A couple of people commented that a ‘circle line’ stands out as being needed just by looking at the map below, which is from the 1966 Cost-Benefit Analysis by Lichfield, digitised here.
A similar approach to the above was also adopted by Professor John Parry Lewis in his assessment in the early 1970s. You can read vol. 1 of his Cambridge Sub-Regional Plan here.
Both of the above-maps give us an insight into why the Royal Commission on Local Government in England and Wales of 1966-69 digitised here decided to reshape local government almost from scratch and create two separate unitary councils for Greater Cambridge, and Greater Peterborough.
When you put all of these together, it starts to make sense as to why they did this. And it is something that planning and transport experts need to look back at again now that they need to come up with solutions that take into account of our urgent need to overhaul our infrastructure to meet the threat of the climate emergency – and get rid of fossil-fuel-based transport. Again, history shines a light on this too. Take Thomas Sharp, one of the first modern town planners and his recommendations for dealing with the demand for infrastructure to meet the needs of the ever-popular motor car.
Above – you can see Mr Sharp analyses where petrol stations should be just as today’s generations are trying to decide where best to place things like electric charging stations for electric vehicles. Our existing fossil fuel infrastructure didn’t get there by accident. It required a huge amount of effort, planning, investment, innovation, and people to build it. I don’t think we appreciate collectively just how big an effort that was – and how an even bigger effort will be needed to dismantle it and recycle as much of the materials as possible for a more sustainable age.
Is this new age going to require a new civic mindset?
Some of you will have seen the alarming headlines about changes to the Ministerial Code that the Prime Minister has proposed – ones that potentially make him more powerful and don’t deal with the criticisms that people far more qualified than me have made. But is all things ‘civic’s new? Turns out it isn’t, as C.S.S. Higham from 1932 tells us here.
What would the equivalent of the above look like today? Some 90 years later.
“They may have been scoundrels but at least you had heard of them!”
The Cambridge Blue Book of 1937 – you can just make out mesdames Webber and Hartree – Eva being our first female Mayor of Cambridge (1924-25). In that book includes lists of all of the main decision making posts and who occupied them – along with the name of the head of the household that lived in every single house in the borough. And ditto every single business too.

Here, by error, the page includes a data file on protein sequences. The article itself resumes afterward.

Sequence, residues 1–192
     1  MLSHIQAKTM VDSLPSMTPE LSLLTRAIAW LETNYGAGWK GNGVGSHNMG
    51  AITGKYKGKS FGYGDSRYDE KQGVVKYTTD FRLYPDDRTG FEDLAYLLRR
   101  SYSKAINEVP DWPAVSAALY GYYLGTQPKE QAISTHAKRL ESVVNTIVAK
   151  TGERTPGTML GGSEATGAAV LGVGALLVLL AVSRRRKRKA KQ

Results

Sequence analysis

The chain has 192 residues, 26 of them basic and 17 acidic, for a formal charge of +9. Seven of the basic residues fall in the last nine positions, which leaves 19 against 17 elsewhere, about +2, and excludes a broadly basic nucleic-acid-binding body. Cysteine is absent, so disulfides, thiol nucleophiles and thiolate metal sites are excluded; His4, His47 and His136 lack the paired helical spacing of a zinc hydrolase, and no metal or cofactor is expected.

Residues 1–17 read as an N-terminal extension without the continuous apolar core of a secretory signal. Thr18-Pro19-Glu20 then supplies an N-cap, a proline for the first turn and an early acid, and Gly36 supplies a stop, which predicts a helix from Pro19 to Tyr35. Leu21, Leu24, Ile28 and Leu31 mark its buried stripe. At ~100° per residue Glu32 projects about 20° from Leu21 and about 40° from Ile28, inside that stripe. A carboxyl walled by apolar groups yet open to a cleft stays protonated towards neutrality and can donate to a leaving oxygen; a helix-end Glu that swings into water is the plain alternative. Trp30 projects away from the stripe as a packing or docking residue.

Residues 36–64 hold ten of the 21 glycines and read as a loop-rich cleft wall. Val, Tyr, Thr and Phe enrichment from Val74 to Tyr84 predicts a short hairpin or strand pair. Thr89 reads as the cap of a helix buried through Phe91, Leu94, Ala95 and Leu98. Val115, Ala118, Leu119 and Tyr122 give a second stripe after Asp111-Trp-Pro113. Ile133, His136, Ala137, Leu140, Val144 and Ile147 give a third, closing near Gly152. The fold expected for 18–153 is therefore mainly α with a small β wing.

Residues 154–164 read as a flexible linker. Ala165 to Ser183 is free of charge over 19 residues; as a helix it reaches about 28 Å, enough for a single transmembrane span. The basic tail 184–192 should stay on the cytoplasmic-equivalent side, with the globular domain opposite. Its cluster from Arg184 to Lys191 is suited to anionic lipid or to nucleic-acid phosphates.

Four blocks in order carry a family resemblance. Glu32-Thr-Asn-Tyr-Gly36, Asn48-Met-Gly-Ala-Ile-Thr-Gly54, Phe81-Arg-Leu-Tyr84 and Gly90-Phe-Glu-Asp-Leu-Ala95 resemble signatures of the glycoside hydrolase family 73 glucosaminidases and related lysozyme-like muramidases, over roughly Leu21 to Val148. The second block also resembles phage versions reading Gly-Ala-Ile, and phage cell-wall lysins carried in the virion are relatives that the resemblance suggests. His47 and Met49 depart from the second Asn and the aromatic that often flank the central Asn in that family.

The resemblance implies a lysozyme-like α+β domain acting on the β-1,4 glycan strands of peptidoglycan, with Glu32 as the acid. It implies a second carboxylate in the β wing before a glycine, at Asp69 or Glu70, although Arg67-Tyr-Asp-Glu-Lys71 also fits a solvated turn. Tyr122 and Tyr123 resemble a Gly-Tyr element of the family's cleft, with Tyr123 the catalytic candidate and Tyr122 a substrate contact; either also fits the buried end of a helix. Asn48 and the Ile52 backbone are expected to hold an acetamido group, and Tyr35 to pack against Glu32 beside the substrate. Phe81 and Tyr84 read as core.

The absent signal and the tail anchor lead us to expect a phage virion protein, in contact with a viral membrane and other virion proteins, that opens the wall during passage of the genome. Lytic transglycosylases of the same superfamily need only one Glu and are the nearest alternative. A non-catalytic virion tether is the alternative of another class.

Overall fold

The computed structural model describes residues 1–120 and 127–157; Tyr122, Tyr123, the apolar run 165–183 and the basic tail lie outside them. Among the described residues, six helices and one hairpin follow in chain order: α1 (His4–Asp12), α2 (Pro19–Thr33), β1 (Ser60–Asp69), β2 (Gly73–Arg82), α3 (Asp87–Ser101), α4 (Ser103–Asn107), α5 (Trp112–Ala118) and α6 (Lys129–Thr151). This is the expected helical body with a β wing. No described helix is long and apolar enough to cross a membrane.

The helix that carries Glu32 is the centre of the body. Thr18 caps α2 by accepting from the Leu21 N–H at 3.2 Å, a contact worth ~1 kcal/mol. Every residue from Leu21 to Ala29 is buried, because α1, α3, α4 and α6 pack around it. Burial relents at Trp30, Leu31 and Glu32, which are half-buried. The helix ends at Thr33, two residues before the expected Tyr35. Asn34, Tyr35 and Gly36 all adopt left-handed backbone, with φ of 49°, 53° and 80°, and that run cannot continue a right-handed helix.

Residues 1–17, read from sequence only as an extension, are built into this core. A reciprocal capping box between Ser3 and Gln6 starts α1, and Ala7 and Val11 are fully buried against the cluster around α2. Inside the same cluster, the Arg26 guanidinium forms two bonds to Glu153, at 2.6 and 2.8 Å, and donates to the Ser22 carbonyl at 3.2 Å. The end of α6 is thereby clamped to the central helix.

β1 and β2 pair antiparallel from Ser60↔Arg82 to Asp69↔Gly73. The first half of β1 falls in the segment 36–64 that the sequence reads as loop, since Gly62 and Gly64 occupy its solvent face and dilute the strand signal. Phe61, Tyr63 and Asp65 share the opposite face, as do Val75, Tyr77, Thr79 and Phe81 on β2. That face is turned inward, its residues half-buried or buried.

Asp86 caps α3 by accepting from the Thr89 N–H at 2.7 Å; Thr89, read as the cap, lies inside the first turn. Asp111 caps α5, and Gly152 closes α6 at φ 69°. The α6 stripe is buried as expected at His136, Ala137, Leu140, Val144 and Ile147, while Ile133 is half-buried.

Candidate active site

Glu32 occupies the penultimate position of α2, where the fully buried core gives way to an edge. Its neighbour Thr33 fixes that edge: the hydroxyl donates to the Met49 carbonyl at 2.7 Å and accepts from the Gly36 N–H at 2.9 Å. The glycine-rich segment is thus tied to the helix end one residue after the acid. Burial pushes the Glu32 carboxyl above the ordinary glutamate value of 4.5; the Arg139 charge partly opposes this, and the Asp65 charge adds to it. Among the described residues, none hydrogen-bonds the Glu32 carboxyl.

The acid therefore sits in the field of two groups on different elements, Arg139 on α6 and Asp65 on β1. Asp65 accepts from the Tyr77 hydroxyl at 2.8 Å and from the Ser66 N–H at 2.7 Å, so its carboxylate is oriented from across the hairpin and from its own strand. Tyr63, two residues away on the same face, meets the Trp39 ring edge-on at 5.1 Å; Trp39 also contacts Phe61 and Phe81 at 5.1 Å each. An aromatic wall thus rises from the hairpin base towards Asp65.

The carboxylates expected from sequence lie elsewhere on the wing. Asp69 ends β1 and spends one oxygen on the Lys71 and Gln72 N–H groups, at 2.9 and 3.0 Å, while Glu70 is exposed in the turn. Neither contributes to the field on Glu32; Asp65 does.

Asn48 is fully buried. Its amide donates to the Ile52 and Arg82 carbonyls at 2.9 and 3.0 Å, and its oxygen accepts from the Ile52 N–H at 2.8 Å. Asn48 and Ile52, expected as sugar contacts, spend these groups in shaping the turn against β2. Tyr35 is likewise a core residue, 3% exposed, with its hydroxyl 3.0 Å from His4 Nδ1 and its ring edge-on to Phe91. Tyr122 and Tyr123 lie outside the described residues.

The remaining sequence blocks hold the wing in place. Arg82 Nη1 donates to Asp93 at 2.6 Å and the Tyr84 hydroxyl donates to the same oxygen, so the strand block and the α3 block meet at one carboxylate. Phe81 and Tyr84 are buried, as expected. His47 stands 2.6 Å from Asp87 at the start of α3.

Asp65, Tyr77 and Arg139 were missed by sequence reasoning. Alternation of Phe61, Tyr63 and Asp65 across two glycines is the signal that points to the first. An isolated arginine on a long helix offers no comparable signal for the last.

One of the many complaints today about local politics is that decision-making institutions have become so fragmented that it is hard to keep track of who is responsible for what, and who meets where and when. The Blue Book paints a picture of most if not all public services being owned and run locally, irrespective of whether public, private, or voluntary sector. (Pre-NHS there was *a lot* of the last). Today, some of our essential suppliers – such as water and sewage (Cambridge Water Company and Anglian Water) are privately-owned with no AGMs enabling ordinary people to buy nominal shares and cross-examine executives. Turns out we were warned about this too..
Below – from the Labour Research Department of the Labour Party from 1987 (digitised here), which evaluated the previous six years of privatisation by Margaret Thatcher’s Conservative Government.
As with any historical source, one must take into account the party-political viewpoint of both the authors and the institution when analysing this or anything that involves party politics
The point about the above is that irrespective of your viewpoint on who should own and run public services, decisions taken by the state inevitably have an impact on communities that depend on them – whether intended by politicians and policy-makers, or whether unintended/unexpected consequences.
Which is why (and I’ll conclude with this…)
…it is ever so useful to look back at history and original historical documents to get a feel for what previous generations coped with, and what their situation was when making decisions that affect us today. What were the assumptions they made? What were the very prominent problems that they had to deal with? What sort of pressure was coming from local and national public opinion? What sort of corporate pressure was there, and where was it coming from? By digitising and uploading these decades-old and often long-forgotten documents, I hope more people will be able to read them and not only come to their own conclusions, but use them to inform any actions they take when engaging in local democracy and community action to improve things whether it’s close by or further afield.
Food for thought?